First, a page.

My friend Jill and I have decided that we must have been twins separated at birth. We are both certifiable recipe-aholics with no recipe too difficult to tackle and no ingredient too strange to track down. If one of us needs an expensive, obscure ingredient, she’ll call me or I’ll call her and we’ll split the cost of the ingredient and share.
Several years ago when Jill’s boss, Kate, asked her to cater a sit-down meal for 14 employees who had flown in for a global HR meeting, she said she’d do it but only if I could do it with her. So, we had the day off from our administrative assistant jobs and put on chef’s jackets and cooked all day together—just for the fun of it! We both laugh now when we think about all the courses we made, each one more involved than any sane person would have attempted. On top of that, Kate insisted that we eat with the group. So, there we were hopping up and down between courses as we crazily tried to keep cooking, plating, and serving the food. We threw in the towel at the end and gratefully accepted help from a few fellow co-workers who picked up the plates and did a conga dance into the dining room to serve the food. It was a night Jill and I will always remember.
Last month, Jill made a beautiful sculpted bread that just blew me away. I told her that she had to do a guest post because it just had to be shared. She kindly consented, and now we are all the beneficiaries of her wonderful bread-making skills. Thanks, Jill!
Guest post by Jill, my friend and fellow foodie
The dough recipe is enough for one large (about 2 lb.) loaf. In deciding your design, choose a form that you can put together with simple geometric shapes—ropes, rounds, ovals and oblongs of dough. Keep the outline bold, the detail simple. For a maximum-size sculpture, you’ll need to overlap two rimless baking sheets, adjusting them to fit your oven while leaving a 1-inch space all around for heat circulation. Wrap the sheets with foil. It may help to draw a full-size platter on a sheet of parchment that fits the overlapped sheets. Or, a half sheet pan should be sufficient for the sculpture. This is an easy dough to work with. Kids love ‘playing’ with this dough and then seeing their creations come from the oven. I’ve made Christmas trees, angels, Santa heads, teddy bears and braided rounds. The taste is wonderful, and it keeps for several days due to the richness of the ingredients. Get creative!
Bread Sculpture Dough
- 1 pkg. active dry yeast
- 1/4 cup warm water – about 110o F
- 3/4 cup butter or margarine at room temperature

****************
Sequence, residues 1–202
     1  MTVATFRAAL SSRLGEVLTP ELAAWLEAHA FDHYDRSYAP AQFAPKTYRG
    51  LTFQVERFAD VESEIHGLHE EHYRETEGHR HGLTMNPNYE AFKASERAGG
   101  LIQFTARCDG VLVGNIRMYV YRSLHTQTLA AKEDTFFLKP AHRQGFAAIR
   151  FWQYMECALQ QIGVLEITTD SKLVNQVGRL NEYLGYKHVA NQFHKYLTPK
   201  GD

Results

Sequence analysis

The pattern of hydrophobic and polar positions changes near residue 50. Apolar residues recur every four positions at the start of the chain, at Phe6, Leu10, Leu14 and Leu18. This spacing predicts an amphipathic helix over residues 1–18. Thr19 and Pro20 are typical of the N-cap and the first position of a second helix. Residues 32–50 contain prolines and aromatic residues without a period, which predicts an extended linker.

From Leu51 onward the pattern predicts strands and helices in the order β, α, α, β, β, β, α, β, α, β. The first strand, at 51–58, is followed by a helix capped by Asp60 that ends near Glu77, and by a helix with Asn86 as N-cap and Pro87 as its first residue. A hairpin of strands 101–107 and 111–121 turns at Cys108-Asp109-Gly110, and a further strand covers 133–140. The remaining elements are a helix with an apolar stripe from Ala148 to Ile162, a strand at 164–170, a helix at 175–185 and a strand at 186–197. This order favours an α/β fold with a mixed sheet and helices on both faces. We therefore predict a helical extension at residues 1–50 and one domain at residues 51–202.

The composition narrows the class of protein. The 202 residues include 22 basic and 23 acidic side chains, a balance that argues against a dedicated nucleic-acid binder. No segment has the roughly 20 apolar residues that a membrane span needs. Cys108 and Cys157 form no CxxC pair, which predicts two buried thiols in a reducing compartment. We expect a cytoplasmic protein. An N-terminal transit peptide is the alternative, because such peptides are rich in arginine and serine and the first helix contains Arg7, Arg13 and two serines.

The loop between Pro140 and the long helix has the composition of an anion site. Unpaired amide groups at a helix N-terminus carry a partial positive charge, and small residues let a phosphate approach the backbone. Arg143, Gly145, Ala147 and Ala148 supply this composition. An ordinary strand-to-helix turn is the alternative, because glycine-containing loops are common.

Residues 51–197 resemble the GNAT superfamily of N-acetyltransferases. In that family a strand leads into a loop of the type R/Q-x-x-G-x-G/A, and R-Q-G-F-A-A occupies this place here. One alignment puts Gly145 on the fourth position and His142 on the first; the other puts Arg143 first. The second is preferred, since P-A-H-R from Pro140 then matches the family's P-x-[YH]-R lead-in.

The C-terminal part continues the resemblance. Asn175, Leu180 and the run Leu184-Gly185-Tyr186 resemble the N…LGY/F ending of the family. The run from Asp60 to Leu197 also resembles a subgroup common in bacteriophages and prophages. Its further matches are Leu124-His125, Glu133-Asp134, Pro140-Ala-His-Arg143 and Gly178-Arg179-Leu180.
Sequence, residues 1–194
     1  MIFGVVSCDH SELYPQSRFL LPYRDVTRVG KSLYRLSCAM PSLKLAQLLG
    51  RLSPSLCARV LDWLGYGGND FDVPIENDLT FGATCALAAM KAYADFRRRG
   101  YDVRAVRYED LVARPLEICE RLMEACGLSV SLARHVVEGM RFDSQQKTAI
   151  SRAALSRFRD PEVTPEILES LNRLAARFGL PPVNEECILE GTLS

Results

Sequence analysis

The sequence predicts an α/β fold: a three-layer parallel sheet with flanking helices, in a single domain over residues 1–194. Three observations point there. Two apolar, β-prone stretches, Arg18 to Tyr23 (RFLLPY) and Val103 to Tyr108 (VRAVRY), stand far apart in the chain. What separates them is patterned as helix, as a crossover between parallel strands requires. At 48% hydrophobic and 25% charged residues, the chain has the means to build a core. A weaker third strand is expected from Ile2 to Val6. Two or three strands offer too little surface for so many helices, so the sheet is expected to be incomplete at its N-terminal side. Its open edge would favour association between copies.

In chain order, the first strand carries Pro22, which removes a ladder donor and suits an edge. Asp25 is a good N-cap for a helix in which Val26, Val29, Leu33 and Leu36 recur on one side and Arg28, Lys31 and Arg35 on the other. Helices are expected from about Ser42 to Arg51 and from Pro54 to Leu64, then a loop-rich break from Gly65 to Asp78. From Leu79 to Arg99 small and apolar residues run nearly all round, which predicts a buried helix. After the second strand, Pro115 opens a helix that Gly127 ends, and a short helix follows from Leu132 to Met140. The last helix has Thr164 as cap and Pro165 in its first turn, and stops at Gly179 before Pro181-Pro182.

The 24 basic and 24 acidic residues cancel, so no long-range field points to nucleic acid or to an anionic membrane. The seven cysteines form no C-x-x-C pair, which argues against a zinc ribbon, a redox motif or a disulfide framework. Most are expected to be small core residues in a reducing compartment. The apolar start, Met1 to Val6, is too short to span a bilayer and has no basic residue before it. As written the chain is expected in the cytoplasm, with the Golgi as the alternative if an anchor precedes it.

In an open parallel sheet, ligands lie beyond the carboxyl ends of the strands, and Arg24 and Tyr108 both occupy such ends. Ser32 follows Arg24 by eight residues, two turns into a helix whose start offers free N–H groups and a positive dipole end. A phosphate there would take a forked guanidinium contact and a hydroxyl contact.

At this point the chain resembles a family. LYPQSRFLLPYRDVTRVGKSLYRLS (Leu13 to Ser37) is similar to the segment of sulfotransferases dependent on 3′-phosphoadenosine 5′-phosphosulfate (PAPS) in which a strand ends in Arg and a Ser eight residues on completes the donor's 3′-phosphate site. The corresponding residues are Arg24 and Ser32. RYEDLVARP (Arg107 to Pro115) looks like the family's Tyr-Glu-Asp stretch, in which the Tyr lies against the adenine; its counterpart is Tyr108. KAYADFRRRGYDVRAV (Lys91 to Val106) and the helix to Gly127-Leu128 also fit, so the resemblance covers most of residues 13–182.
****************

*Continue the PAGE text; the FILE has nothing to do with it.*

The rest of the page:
- 1/2 cup sugar
- 1/3 cup warm milk – about 110o F (I wouldn’t use less than 2% milk)
- 1/2 tsp. salt
- 5 large eggs
- 5 to 5-1/2 cups all-purpose flour, unsifted
- 1 egg beaten with 1 tbl. water for glaze (add a pinch of sugar)
In a large bowl of Kitchen Aid stand mixer, dissolve yeast in water. Let sit for a few minutes then stir in next 5 ingredients until thoroughly blended. Gradually beat in about 4-3/4 cups flour to make a stiff dough — DO NOT KNEAD. Cover and let dough rise until doubled — about 1-1/2 hrs.
Beat down to release air; then knead on a lightly floured board until smooth and satiny, 10-20 minutes, adding flour as needed to prevent sticking. You can do this using dough hook in your stand mixer if you have one.
Divide dough into portions to fit your design, saving a small piece for decorative detail. Build sculpture on the greased, foil-covered, overlapped baking sheets. I use parchment paper over the greased pan for easy removal after it’s baked. I use large cookie sheets.
For a solid area, shape dough into a ball and place smooth side up on the foil; then pat or roll out to achieve desired dimension and form, making no thicker than about 1 inch or bread may crack during baking. Don’t forget, this is going to rise before and during the baking process. Keep shapes about half as plump as you’ll want them to be in the end product.
Butt pieces of dough close together if they are to be joined. Leave at least 2 inches of space between parts you don’t want to join. To attach small, round details, i.e., eyes, noses, beaks, feet, shape these into tear drops and set, points down, into holes poked into background dough. To create surface detail, such as mermaid’s scales or to separate areas like fingers or feathers, snip dough with kitchen scissors held at an angle. Roll pieces of dough between your hands to make strands for arms, legs or hair. Try twisting, curling or braiding strands.
Cover sculpture lightly and let rise in a warm place until puffy (about 30 minutes). Brush gently with egg mixture. Bake in a preheated 350o F oven for about 30 minutes or until bread is richly browned and sounds hollow when tapped. Let cool on pan for 10 minutes; then slip a spatula beneath loaf and gently slide onto rack to cool completely. Makes one large loaf.
Source: Sunset “Cookbook of Breads” from 1977